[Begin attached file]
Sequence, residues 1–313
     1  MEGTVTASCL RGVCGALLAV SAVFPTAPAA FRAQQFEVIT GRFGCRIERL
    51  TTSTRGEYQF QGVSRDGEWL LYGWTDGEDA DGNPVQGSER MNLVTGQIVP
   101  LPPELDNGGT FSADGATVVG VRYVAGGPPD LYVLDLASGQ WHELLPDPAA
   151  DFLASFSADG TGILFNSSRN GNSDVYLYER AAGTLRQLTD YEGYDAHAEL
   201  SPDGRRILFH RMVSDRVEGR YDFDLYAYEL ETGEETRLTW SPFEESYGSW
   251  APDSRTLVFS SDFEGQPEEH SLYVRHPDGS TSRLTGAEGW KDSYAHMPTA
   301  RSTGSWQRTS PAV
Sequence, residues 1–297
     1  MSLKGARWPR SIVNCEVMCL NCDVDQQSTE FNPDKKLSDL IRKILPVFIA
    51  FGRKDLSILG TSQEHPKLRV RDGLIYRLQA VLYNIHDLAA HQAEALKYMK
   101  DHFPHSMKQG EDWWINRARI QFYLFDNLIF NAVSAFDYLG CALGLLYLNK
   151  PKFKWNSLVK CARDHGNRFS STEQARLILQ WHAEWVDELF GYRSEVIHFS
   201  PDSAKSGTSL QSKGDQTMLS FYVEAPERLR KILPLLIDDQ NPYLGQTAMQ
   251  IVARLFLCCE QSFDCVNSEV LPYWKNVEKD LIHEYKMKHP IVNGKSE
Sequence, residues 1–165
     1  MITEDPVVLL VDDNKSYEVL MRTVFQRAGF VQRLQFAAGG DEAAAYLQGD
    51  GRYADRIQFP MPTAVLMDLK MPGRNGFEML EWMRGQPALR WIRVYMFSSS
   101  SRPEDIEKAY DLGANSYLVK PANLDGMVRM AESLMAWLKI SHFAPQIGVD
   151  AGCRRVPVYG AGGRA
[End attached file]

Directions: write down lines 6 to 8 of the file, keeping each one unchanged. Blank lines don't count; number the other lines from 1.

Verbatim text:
   201  SPDGRRILFH RMVSDRVEGR YDFDLYAYEL ETGEETRLTW SPFEESYGSW
   251  APDSRTLVFS SDFEGQPEEH SLYVRHPDGS TSRLTGAEGW KDSYAHMPTA
   301  RSTGSWQRTS PAV